By Elise Herron, Willamette Week
During the last two days of the 2019 legislative session, the Oregon Senate passed three notable environmental bills.
The wins came as House Bill 2020, the cap and trade legislation championed by Democrats and Gov. Kate Brown, was pronounced dead. And environmental justice groups are critical, saying lawmakers made compromises that won't necessarily solve the problem they were meant to address.
On Saturday, the Senate passed House Bill 2209, which requires railroad companies to do more to prepare for oil spills. And on Sunday, the Legislature passed House Bill 2007, which will regulate diesel trucks in the Portland metro area, and Senate Bill 792, which increases supervision of auto dismantlers....
HB 2209 requires railroad companies to have oil spill contingency plans and to create funds dedicated to any potential oil cleanups.
Environmental advocates like Michael Lang, conservation director for Friends of the Columbia Gorge, say that the bill will help communities and first responders be better prepared for spills, but it could do more.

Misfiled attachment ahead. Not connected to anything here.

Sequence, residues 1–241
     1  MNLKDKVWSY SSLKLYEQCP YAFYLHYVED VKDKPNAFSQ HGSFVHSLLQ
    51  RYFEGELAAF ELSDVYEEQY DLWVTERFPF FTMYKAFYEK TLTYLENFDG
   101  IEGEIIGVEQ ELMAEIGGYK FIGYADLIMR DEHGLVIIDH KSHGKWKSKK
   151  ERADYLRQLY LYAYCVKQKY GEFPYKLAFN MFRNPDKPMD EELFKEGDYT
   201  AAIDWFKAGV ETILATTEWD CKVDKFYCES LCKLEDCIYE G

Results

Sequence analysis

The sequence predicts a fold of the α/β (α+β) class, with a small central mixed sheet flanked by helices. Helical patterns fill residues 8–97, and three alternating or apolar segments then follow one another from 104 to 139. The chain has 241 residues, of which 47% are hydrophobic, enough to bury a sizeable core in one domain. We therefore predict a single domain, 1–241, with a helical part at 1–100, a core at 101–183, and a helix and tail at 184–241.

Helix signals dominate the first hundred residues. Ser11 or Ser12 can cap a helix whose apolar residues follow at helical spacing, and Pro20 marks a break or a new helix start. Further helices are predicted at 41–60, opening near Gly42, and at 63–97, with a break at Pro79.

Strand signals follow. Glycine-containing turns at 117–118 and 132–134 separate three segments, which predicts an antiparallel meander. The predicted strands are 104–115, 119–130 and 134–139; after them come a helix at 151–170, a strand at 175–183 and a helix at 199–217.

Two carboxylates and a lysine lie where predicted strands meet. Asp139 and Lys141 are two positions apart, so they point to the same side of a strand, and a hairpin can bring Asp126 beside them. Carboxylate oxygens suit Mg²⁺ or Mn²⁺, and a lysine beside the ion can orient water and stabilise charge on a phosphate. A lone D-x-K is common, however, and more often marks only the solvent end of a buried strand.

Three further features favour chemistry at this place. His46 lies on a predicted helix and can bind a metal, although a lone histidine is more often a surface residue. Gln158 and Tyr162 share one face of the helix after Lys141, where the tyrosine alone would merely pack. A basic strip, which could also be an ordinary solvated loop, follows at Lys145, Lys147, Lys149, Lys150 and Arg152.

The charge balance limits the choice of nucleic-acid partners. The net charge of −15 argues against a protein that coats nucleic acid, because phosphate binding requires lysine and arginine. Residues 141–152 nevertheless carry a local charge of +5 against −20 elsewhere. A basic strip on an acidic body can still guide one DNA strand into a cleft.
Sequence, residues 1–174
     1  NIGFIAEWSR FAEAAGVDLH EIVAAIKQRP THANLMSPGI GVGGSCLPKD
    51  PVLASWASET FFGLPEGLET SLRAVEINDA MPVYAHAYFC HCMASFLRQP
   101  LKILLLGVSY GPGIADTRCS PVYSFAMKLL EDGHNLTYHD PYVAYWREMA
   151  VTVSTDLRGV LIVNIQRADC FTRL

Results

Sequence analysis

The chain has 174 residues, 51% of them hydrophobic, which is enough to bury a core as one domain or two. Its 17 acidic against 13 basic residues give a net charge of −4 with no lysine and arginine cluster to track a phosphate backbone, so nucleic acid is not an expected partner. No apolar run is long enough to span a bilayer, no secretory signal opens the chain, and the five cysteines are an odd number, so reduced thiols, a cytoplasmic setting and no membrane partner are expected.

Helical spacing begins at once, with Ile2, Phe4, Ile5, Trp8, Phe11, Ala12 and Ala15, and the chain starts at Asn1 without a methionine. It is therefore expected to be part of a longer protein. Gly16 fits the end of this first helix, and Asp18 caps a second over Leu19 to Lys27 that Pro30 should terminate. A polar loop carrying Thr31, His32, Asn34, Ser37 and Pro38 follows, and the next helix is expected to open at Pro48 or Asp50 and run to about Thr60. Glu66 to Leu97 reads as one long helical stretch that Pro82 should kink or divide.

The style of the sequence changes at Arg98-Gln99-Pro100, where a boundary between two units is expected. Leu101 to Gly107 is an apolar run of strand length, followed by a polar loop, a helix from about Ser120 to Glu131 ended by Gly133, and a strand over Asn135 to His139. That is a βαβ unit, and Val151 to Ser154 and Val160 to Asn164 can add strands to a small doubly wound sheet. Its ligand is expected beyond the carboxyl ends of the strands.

He says HB 2209 doesn't require railroad companies to have a worst case scenario plan that accounts for all the oil in the train spilling, but defines worst case as 15 percent of the train's load.
He adds that companies are also not required to give advance notification of oil trains coming through Oregon, nor to track how many trains and how much oil is funneled through the state.
"All I can say is that it took Oregon four years to pass what Washington did in one session in 2015," Lang says. "Nevertheless, persistence pays off and credit where credit is due, there was a lot of bipartisan support on this bill."...
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